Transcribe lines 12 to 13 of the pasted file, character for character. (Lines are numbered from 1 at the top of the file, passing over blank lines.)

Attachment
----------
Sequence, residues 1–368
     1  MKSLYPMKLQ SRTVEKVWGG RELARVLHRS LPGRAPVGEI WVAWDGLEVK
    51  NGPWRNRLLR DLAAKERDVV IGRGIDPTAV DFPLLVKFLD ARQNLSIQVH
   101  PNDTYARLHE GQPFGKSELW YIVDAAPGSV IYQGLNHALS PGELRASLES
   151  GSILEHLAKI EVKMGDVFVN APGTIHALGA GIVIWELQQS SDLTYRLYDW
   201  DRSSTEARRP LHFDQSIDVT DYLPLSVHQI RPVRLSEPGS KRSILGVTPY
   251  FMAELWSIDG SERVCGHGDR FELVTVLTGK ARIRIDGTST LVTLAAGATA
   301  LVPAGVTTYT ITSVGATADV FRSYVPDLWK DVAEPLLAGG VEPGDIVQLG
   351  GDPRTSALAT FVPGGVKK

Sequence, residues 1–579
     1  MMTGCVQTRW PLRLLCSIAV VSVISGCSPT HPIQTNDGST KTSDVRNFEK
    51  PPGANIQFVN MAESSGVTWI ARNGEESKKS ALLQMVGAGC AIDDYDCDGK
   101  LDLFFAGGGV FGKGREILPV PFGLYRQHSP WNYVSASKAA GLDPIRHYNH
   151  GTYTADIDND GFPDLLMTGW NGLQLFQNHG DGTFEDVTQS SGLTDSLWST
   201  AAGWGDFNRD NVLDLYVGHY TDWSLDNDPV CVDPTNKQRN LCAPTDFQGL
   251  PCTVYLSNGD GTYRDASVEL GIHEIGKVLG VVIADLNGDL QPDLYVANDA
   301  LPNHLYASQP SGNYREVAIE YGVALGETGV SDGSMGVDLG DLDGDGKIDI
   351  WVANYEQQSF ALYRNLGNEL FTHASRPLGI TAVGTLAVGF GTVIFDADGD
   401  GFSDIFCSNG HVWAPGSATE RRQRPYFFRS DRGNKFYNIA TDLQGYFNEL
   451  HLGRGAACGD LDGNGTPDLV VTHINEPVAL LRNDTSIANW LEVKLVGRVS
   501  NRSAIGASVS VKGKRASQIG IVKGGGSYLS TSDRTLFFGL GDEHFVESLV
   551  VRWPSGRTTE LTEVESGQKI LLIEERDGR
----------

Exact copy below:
    51  PPGANIQFVN MAESSGVTWI ARNGEESKKS ALLQMVGAGC AIDDYDCDGK
   101  LDLFFAGGGV FGKGREILPV PFGLYRQHSP WNYVSASKAA GLDPIRHYNH